FC 25 PACK NAMES

Ultimate Team Pack Names follow a certain logic order.
UT 24 Pack Names

FC 25 Pack Names


Have you ever glanced at FC 25 Pack names and thought, ‘wow, this is confusing’? You’re not alone.

It’s easy to feel overwhelmed by the lengthy names that often sound similar. With over 400 packs in the game, terms like Mixed, Premium, Prime, or Electrum seem to blend together. But what do these terms actually mean?

As if that wasn’t enough, EA keeps expanding the pack family, making it increasingly difficult for players to remember what each pack contains. While you can always check our packs database, wouldn’t it be nice to understand the logic behind each name? Keep reading, and you’ll discover that FC 25 pack names aren’t as complicated as they may seem.

Comprehending Pack Names


There are so many terms that it’s easy to feel overwhelmed, but the truth is that FC 25 pack names follow a specific logical order. Let’s start with the obvious: all terms end in ‘pack’. While this might seem self-evident, it’s worth noting as it can help you identify other patterns.

To make things easier, let’s break down how any Ultimate Team pack name is composed. They can have up to four words preceding ‘pack’, representing four different categories, arranged in a specific order, which we’ll analyze below:

  1. Pack Size;
  2. Quantity of Rare Items
  3. Quality of Items;
  4. Category of Items.

Pack Size


By definition, a basic pack consists of 12 items. And there’s a reason for that. Besides being a good amount of cards, 12 is divisible by many numbers (2, 3, 4, 6). It is essential since new types of packs will eventually be created, and the total amount of items and / or rare ones available in them can be calculated using fractions of 12.

Generally, relative to the size/amount of cards inside, the packs can be classified as:

Normal 12
Pack that consists of twelve items, the standard amount.
In these situations, the pack’s name carries no information relative to size, which means that this first category is omitted.
Examples: Gold Players Pack, Consumables Pack, Premium Electrum Players Pack.

Mini 4
Pack that consists of four items, one-third of the standard amount.
Examples: 86+ Star Player Mini Pack.

Small 6
Pack that consists of six cards, half the normal amount.
In these situations, the pack’s name always starts with ‘Small’.
Examples: Small Rare Gold Players Pack, Small Prime Silver Players Pack, Small Gold Pack.

Jumbo 24
Pack that consists of twenty-four items, double the standard amount. In these situations, the pack’s name always starts with ‘Jumbo’. Examples: Jumbo Gold Players Pack, Jumbo Silver Pack, Jumbo Rare Players Pack.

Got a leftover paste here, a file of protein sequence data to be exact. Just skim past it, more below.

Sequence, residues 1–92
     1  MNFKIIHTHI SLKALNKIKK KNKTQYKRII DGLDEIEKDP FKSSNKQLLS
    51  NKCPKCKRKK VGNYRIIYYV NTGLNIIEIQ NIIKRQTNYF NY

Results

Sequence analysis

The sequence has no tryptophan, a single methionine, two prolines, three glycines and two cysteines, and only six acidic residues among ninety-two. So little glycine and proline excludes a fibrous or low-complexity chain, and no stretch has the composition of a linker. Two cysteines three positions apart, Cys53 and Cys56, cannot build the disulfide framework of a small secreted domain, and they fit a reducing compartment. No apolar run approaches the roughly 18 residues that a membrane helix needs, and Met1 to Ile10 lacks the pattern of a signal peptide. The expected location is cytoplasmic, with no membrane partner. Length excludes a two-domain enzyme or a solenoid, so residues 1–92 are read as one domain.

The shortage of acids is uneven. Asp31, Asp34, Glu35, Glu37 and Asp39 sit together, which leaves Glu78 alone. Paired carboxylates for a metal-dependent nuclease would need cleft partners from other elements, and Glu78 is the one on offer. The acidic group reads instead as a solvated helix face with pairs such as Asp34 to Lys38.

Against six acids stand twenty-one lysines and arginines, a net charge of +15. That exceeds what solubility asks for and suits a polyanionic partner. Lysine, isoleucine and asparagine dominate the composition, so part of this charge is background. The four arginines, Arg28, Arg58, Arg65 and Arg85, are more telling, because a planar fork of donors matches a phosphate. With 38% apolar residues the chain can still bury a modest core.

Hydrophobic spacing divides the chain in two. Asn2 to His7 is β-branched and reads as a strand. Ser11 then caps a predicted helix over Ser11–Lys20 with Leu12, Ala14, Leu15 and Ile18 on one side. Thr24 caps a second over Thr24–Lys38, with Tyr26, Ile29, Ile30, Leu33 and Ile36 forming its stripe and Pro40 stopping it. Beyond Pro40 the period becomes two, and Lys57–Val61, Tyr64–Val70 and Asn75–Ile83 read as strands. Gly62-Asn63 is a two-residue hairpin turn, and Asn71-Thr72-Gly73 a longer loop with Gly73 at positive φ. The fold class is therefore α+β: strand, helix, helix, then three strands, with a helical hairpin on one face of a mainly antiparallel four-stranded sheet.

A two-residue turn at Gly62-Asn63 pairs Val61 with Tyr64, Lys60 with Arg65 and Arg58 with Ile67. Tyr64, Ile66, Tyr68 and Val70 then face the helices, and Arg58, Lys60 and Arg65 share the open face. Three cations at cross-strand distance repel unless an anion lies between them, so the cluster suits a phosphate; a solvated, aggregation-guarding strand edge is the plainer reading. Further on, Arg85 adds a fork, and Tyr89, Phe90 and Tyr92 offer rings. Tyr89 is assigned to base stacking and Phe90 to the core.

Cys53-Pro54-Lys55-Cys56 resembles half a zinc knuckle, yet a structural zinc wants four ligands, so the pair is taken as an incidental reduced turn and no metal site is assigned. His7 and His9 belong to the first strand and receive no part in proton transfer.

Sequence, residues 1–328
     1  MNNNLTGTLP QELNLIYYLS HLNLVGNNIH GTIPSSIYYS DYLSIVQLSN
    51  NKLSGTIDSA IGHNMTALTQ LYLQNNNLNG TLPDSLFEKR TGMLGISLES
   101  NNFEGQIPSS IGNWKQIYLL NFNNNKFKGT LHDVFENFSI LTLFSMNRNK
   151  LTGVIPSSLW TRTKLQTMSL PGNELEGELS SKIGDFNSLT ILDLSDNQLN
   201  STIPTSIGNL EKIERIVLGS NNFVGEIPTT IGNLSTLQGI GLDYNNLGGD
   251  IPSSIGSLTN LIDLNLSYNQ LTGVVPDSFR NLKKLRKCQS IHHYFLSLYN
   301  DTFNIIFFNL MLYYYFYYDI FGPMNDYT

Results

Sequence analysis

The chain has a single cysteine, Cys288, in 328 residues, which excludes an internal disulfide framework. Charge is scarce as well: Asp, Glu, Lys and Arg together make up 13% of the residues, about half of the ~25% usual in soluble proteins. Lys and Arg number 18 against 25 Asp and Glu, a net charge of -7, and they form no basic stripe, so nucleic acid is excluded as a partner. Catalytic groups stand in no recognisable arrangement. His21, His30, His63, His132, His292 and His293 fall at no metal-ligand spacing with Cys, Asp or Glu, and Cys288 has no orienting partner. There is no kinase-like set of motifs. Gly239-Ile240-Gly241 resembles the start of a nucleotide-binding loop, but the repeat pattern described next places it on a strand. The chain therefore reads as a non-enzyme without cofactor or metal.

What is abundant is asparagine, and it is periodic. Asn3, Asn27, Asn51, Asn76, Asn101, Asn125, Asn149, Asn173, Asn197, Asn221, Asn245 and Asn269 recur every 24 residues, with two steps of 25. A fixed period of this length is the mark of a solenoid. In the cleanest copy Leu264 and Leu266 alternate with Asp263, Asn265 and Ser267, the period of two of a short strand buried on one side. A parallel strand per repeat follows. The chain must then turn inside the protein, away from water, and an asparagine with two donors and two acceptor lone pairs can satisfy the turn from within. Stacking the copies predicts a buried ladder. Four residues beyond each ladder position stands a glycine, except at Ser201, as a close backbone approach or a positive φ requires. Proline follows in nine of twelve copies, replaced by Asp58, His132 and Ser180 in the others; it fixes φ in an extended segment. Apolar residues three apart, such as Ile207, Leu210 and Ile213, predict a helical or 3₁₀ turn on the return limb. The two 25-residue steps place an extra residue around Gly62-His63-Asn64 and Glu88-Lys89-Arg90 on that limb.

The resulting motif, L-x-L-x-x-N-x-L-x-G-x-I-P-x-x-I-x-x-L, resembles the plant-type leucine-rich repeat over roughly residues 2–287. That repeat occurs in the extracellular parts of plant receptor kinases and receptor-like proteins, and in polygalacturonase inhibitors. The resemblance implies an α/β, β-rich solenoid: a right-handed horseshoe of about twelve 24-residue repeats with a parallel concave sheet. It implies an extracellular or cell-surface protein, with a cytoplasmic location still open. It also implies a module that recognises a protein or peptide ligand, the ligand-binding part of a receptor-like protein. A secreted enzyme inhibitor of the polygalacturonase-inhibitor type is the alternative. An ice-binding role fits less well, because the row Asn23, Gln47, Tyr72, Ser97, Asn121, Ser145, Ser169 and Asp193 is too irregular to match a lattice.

Mega or Ultimate 30
Pack that consists of thirty items. It’s one of the biggest UT packs.
Examples: Ultimate Pack, Mega Pack, Rare Mega Pack.

Every rule has an exception, and that also happens with pack sizes. Although they seem rare, there are packs with 1, 2, 3, 5, 7, 10, 13, 14, 15, 20, 25, 26 and even more cards inside. Don’t worry because most of them are very easy to identify since they’ll always carry some reference of the number of cards inside the name: Two Rare Gold Players Pack, Gold 13 Pack, or 100 Players Pack are a few examples.

Quantity of Rare Items


By definition, a basic pack consists of only one rare card. However, this number may be higher in some cases, and some packs will consist exclusively of rare players (the most expensive ones, of course).

Generally, relative to the number of rare cards inside, the packs can be classified as:

Normal 1
The amount of rare items inside depends on the pack’s size: one for normal or small packs; three for jumbo packs.
In these situations, the pack’s name carries no information relative to the number of rare cards inside, which means that this second category is omitted.
Examples: Bronze Pack, Gold Players Pack, Small Silver Players Pack.

Premium 1/3
The amount of rare items inside still depends on the pack’s size: three for normal packs; seven for jumbo packs.
In these situations, the pack’s name always includes the term ‘Premium’. Packs from special offers may also use the term ‘Premium’ to refer to something of higher quality, like Premium Loan Player Packs or Premium Coins Packs. Examples: Premium Gold Pack, Jumbo Premium Gold Pack, Premium Mixed Players Pack.

Prime 1/2
The number of rare items inside equals half the pack’s the size/total number of cards.
In these situations, the pack’s name always includes the term ‘Prime’.
Examples: Prime Silver Players Pack, Small Prime Gold Players Pack, Prime Electrum Players Pack.

Rare all
The number of rare items inside equals the pack’s the size/total number of cards, which means that all items are rare. In these situations, the pack’s name always includes the term ‘Rare’. Examples: Rare Silver Pack, Rare Players Pack, Small Rare Mixed Players Pack

As you’ve noticed, a pack will never have more than one name of the same category. That’s why you’ll never see packs called Rare Premium or Prime Rare-something, for example.

If you’re an observant player, you’ve also noticed there aren’t any Small Premium ones. The reason is simple: they’re the same as the Small Prime ones. Haven’t you seen it? Let’s think: if a Premium Pack has 12 cards and 3 are rare, a Small Premium one would have the same number of rare cards with just six in the total. Since Prime Packs are known for having 50% of rare cards, there are three rare ones already.

Quality of Items


All FC 25 cards are associated with one quality: gold, silver, and bronze. The packs are also classified according to the quality of the players inside. Also, the packs can receive another specific name if there are more than one quality item inside.

Generally, relative to the quality of the cards inside, the packs can be classified as: